While attorneys usually take center stage in court houses and dramatic movies, their ability to defend, prosecute, or represent an array of clients would not be possible without the valuable support work of paralegals. Also known as legal assistants, paralegals are becoming even more essential in today's highly litigious environment.... Overburdened by the time and cost of handling growing numbers of cases and lawsuits, law firms of all kinds are delegating workloads to paralegals.
While seven out of 10* paralegals work for law firms, others work for corporate legal departments and government agencies. Depending on their workplace, a day in the life of a paralegal may be as busy and varied as the local court docket. Some days may be client-focused, as paralegals interview clients or prepare them for an upcoming court hearing. Other days may be heavily grounded in paperwork or research — such as digging up necessary legal codes, or organizing transcripts and records into electronic databases. Likewise, paralegals may often be called upon to file motions or draft pleadings on an attorney's behalf.
No matter how talented a paralegal is, her education is never quite finished in this field. Like doctors and teachers, paralegals are lifelong learners. There's always room to gain more specialized knowledge or get acquainted with changing regulations in a given sector. While most paralegal candidates usually have a minimum of an associate degree in paralegal studies, it may be advantageous to seek a higher degree or undergraduate certificate in the fast-evolving paralegal field. In some cases, paralegals who already have a bachelor degree may choose to supplement their education with an online paralegal studies certificate.
Depending on the program you choose, you might study topics like paralegal research, legal theory, legal software tools, and law-specific subject areas (like divorce, real estate, bankruptcy and tort law). Additionally, students may gain insights from practicing attorneys and program mentors. Graduates may go on to pursue law school or advance in their paralegal careers.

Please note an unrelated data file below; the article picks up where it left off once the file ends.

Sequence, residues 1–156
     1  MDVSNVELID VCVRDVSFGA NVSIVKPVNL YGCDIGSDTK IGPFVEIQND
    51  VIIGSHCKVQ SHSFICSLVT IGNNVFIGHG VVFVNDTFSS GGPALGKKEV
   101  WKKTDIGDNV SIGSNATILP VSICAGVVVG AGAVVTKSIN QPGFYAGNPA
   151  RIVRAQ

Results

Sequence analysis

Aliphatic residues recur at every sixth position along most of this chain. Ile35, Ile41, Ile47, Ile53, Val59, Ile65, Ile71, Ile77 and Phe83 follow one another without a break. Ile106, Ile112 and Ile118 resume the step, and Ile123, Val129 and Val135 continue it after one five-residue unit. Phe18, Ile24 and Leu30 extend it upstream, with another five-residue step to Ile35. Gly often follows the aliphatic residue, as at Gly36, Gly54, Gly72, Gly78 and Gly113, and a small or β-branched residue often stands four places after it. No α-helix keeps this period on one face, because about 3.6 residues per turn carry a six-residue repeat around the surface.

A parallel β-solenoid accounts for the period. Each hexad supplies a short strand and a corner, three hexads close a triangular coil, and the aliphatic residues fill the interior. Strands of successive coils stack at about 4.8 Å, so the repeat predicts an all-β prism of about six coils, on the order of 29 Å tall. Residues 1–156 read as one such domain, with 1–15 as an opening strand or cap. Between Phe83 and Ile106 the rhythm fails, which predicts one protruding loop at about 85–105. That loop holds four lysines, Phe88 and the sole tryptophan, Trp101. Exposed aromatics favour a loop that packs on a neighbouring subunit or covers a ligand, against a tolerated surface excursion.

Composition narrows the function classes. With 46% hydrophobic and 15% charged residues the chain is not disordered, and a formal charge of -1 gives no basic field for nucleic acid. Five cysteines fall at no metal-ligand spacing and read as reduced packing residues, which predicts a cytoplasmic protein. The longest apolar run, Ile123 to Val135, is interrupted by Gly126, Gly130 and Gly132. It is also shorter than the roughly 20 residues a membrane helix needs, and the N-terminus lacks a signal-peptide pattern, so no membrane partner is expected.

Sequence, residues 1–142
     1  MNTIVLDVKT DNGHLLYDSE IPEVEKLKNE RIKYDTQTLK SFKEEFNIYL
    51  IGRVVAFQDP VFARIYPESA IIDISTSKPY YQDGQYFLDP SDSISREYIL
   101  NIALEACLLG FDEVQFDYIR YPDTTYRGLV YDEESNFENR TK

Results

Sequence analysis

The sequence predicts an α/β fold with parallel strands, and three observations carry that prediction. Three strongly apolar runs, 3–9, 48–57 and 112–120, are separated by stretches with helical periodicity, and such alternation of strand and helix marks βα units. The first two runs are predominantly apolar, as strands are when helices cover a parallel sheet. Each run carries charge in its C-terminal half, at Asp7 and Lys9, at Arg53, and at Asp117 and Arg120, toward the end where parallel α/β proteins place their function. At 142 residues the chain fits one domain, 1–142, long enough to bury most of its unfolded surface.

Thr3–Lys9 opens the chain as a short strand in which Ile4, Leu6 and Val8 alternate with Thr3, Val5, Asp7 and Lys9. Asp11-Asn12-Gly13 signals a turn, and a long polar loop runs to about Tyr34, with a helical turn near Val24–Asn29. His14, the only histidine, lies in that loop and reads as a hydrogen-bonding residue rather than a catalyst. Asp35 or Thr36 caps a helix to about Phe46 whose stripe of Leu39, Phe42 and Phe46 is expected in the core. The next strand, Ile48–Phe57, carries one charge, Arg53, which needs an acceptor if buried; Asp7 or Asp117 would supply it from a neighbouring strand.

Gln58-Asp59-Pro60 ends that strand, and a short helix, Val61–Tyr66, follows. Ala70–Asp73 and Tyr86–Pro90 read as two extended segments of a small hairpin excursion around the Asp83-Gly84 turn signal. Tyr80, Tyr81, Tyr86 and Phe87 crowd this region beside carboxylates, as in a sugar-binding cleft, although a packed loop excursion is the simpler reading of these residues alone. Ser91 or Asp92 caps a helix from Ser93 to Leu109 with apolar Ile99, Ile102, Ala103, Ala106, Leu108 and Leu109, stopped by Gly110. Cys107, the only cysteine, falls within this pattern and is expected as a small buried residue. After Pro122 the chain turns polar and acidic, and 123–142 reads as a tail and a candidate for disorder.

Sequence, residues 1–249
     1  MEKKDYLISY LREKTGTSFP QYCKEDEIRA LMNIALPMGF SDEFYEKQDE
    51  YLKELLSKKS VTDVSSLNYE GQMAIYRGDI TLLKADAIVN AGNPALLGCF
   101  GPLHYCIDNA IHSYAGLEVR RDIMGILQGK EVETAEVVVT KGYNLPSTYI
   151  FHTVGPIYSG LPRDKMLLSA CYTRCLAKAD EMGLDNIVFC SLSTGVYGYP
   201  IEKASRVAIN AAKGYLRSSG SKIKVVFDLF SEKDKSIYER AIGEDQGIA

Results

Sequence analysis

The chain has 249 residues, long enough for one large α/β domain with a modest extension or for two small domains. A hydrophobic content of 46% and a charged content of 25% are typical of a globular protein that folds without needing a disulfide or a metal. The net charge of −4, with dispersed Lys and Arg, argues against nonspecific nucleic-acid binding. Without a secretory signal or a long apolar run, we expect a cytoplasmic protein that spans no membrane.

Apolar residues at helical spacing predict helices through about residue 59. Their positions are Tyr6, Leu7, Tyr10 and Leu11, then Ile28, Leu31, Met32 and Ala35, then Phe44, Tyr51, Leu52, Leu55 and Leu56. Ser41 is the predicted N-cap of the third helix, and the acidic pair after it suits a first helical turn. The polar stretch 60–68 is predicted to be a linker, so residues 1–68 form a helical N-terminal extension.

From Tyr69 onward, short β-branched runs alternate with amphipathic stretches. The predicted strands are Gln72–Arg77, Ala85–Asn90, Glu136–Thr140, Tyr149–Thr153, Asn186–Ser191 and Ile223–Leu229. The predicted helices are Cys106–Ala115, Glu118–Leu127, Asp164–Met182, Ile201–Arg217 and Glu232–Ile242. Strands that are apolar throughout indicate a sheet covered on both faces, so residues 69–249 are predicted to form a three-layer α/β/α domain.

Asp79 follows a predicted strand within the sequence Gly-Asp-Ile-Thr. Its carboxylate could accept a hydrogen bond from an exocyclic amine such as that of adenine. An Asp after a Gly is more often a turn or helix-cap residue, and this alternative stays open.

* The preceding information was obtained from the U.S. Bureau of Labor Statistics' (BLS) online resource, "Occupational Outlook Handbook, 2010-11 Edition," available at: http://www.bls.gov/ooh/Legal/Paralegals-and-legal-assistants.htm
This Paralegal Certificate program includes 7 courses, offered through Boston University. more >
There are certain skills you need to begin a career as a Legal Secretary. The Penn Foster Career School Legal Secretary Program helps you learn them at home, quickly and conveniently! more >
Earn your Penn Foster Certificate of Advance Paralegal Application. more >
Earn your Paralegal Certificate in Real Estate, Wills, and Estates. Students interested in enrolling in this program should have an educational or work-related background in core paralegal concepts. more >
There are certain skills you need to begin a career as a Paralegal. The Penn Foster Career School Paralegal Program helps you learn them quickly and conveniently! You'll learn: more >
For learners who have already earned an Associate’s or Bachelor’s degree , our Paralegal Certificate can help you move into a paralegal career quickly, with the knowledge and experience yo more >
The Certificate Program in Paralegal Studies offers a unique mix of legal theory and practical skills applications. more >